Understanding Business Loans with a Business Banker

Getting a business loan can be intimidating, especially for first-time owners. Cultivate sat down with Vinton County National Bank to get you the answers to questions you might be hesitant to ask. 

Topics include: 

  • How is the loan process different at a community bank versus one of the giant banking institutions? 
  • How much of the final loan decision is computerized versus considered by actual bankers that discuss the loan together after reviewing all of the financial details?
  • How many years in business are usually needed to get a business loan and why? 
  • How does the type of loan matter for the use of the loan funds, such as if I’m trying to get a loan to purchase a commercial property versus trying to get a loan to renovate a leased space?
  • What are you looking at in the business and personal tax returns? Are you looking at a few key numbers or digging deep? For instance, are you looking at things like depreciation that is reducing net income but doesn’t impact cash or principal payments that impact cash but not net income?
  • What are the key metrics that a bank is looking at to evaluate capacity to repay the loan?
  • Generally speaking are these metrics less stringent on an sba vs bank loan 
  • What are the differences between a loan from your bank versus an SBA 7a loan or an SBA 504 loan?
  • What do you think are some of the more unexpected parts of the loan process for a small business that is doing this for the first time? 
  • How long does the loan process usually take? How is that different with an SBA loan?
  • Why do banks usually insist on maintaining accounts? Is it more than just the fees and income they earn from deposits?
  • How do banks use your credit score when determining if they will give a business loan? What difference does a 650 versus a 750 or 800+ make? What does this really tell you?
  • What is a personal financial worksheet and why is it important?

Click here for business funding assistance and a free advisory consultation, and find Vinton County National Bank here.

Video Transcript

Introduction

Matt: I’m Matt Yerkes from Cultivate and we’re here today to talk about business banking. So I have with me here, Roger from Vinton County National Bank, known locally in Grove City as the Franklin County Banking Center.

So Roger, what do you do with the bank?

Roger: Well, thanks for having me. I’m a commercial lender for the bank. I’ve been in the business since — don’t wanna date myself — probably since the late nineties.

Matt: Okay. Well, thank you very much! We’re gonna ask you a few questions today trying to help our members and the people watching this video just to better understand what to expect when getting a business loan.

Roger: Sure I’m looking forward to it.

Community Bank vs. Giant Banking Institutions 

Matt: Roger, the first question that I have for you is — Vinton County National Bank is a community bank, and can you help us understand how is the loan process different when you’re working with a community-based bank versus one of the large regional banks? Is the process more computerized with the really big banks versus with more human processes with the community banks?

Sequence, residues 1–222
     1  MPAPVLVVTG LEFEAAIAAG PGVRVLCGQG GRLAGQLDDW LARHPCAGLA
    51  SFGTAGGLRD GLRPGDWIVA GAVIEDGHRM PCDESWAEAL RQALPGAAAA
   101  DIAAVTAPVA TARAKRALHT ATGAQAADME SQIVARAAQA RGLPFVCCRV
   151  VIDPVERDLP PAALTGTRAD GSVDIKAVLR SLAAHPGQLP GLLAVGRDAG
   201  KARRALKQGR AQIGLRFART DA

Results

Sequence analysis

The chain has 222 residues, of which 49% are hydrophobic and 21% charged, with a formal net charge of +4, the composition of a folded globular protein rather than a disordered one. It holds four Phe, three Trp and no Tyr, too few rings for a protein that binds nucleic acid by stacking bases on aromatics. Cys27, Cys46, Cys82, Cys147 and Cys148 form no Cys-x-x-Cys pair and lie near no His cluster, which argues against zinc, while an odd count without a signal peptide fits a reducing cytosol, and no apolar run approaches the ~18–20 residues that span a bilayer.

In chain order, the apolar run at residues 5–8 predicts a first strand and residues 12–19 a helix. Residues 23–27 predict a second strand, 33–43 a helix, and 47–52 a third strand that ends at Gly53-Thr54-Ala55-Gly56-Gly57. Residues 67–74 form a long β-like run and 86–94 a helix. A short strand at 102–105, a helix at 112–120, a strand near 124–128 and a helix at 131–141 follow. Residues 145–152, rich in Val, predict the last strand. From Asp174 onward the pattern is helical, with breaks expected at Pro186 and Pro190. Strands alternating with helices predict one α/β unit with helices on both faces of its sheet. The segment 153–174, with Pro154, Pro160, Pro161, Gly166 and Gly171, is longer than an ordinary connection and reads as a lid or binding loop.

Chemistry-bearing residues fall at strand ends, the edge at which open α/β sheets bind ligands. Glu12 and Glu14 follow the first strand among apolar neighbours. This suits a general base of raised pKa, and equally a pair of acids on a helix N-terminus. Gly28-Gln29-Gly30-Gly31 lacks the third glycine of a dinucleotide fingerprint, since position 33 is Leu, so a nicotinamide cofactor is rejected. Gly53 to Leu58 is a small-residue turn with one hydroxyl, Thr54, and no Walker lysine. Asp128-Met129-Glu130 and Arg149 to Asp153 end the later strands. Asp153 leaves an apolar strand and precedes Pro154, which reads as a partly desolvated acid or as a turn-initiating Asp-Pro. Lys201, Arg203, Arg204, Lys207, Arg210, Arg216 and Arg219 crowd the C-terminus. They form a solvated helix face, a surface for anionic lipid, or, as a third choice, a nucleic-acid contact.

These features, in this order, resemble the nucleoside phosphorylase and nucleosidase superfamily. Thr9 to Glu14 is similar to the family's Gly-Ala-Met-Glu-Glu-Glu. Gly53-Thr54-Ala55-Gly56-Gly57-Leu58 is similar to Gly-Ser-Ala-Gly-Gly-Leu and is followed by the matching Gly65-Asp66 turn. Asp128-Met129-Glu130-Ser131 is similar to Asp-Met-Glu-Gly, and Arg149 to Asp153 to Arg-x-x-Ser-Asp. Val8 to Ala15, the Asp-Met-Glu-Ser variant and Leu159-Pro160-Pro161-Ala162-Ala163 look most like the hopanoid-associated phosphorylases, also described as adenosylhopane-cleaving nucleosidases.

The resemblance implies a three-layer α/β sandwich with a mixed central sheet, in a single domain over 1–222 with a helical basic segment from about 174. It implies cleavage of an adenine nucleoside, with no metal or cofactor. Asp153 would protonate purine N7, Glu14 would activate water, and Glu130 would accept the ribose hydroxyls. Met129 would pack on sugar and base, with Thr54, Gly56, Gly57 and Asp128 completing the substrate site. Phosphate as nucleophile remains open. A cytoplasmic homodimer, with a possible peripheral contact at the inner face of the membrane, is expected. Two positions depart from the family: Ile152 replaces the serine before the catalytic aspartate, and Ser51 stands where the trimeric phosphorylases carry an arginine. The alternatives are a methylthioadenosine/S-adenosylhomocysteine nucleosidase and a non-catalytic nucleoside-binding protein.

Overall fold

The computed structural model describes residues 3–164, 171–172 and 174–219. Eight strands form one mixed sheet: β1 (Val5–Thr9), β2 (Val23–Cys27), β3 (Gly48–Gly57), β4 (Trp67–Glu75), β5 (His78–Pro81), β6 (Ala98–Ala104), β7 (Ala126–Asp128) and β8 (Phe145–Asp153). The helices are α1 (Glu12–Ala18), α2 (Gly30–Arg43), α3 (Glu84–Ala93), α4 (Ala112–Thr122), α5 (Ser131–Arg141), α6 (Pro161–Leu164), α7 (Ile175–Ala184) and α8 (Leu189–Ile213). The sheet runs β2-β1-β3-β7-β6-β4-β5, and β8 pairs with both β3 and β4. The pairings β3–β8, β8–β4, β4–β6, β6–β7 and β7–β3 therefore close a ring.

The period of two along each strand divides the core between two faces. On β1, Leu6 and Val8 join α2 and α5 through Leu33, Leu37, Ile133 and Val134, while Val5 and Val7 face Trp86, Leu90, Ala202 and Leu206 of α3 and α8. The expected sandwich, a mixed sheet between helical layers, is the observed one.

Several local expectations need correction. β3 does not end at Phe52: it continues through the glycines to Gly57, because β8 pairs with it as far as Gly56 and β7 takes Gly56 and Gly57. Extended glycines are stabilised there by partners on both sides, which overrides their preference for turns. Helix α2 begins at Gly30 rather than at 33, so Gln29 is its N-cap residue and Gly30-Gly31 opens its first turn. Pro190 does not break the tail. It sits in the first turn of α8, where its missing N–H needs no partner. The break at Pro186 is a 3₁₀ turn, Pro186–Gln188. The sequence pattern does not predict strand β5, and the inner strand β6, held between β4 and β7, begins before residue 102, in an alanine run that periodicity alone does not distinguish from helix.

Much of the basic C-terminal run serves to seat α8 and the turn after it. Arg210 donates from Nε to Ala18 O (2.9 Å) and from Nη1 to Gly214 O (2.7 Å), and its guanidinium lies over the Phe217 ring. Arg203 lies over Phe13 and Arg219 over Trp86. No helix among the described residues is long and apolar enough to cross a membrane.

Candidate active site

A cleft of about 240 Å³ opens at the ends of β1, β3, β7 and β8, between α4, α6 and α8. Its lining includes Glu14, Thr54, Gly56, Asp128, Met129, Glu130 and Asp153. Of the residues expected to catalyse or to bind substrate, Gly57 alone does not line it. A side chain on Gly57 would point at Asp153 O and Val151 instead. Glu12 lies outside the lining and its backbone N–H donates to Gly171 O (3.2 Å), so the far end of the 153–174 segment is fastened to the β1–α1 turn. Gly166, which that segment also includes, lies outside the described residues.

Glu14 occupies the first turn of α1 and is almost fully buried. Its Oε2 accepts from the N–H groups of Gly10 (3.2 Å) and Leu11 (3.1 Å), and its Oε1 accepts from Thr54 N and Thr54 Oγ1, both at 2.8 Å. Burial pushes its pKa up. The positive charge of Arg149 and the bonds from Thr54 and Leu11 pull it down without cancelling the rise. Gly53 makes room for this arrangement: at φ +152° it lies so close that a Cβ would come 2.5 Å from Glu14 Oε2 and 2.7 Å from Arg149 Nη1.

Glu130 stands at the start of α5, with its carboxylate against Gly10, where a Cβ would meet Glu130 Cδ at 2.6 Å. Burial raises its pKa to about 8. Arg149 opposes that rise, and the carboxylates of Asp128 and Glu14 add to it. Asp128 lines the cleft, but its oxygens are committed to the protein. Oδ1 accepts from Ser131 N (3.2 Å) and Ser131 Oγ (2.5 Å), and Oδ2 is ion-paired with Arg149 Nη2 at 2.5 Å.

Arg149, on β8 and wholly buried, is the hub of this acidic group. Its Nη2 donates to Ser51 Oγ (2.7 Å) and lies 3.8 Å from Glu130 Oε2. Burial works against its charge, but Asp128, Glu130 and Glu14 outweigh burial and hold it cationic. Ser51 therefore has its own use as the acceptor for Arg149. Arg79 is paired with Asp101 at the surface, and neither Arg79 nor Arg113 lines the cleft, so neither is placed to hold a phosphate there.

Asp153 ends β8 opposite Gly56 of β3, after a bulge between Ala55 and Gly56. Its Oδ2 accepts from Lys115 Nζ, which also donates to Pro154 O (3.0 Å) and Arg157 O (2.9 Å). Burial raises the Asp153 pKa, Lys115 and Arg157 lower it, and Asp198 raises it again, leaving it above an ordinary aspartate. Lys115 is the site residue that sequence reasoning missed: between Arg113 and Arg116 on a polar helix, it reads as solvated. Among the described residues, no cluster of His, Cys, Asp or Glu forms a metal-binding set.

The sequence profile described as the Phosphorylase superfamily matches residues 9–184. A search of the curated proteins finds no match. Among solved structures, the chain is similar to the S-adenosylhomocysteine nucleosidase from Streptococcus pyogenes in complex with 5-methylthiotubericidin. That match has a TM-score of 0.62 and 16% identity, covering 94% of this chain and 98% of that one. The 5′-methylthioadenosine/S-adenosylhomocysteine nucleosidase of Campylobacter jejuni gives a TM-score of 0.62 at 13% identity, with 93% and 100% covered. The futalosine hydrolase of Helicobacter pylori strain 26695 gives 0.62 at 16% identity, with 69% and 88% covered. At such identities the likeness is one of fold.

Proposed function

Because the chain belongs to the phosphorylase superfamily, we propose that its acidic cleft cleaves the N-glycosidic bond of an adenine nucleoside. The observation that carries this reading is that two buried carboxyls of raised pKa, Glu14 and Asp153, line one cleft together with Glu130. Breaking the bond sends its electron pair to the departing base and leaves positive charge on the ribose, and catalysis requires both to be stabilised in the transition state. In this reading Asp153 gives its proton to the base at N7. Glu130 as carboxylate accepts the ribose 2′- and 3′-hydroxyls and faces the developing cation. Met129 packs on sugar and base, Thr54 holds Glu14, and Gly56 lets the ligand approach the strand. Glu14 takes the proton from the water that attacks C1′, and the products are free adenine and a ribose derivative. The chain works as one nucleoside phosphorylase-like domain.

Roger: Sure! Well with the community bank, at least, with our bank, the lender in a particular area was in the area — members of the association of the area. So they really understand the area that they’re lending in, and as a lender, we have our own credit limits. So someone comes in and says they need a loan for this purpose — I know who they are. I know where they live.

I probably ran into them with the chamber meetings, so we really get to know the customers that we deal with, versus a bigger bank you may be dealing with somebody who’s in Chicago, who doesn’t know the layout of the land here in Grove City, for example. See — that’s the main advantage of working with the community bank.

And another example is — if you look towards the whole COVID-19 pandemic that we’re in, we had the SBA PPP loan for payroll. The community banks, if you really look into it did the majority of the loans. They may not have been the biggest loans but we did the majority of the loans as far as number wise, and it really helps if you said that community banker you have that relationship with them.

They could call you up. They could ask questions, and they didn’t have to get a voicemail. They actually get a hold of me.

Community Bank’s Geographical Loan Restrictions

Matt: As a community bank, are you restricted from doing loans outside of a particular geographic area like outside of a certain county, or outside the State of Ohio? Or are the restrictions really more just because more of a practical nature like because they’re just outside of your service area.

Roger: As a community bank, we like to stay within our community. Of course, with that being said, l can’t speak for every bank. But our bank, we like to lend where we have a branch in the surrounding counties. For Vinton County National Bank, we have a presence around here in Central Ohio.

So, all of the Ohio counties, and if you kinda picture the 33 corridors and the 23 corridors, all the way down to the river, that’s kinda like our footprint. Basically, we like to stay within the surrounding counties to where we’re located and not really go beyond that.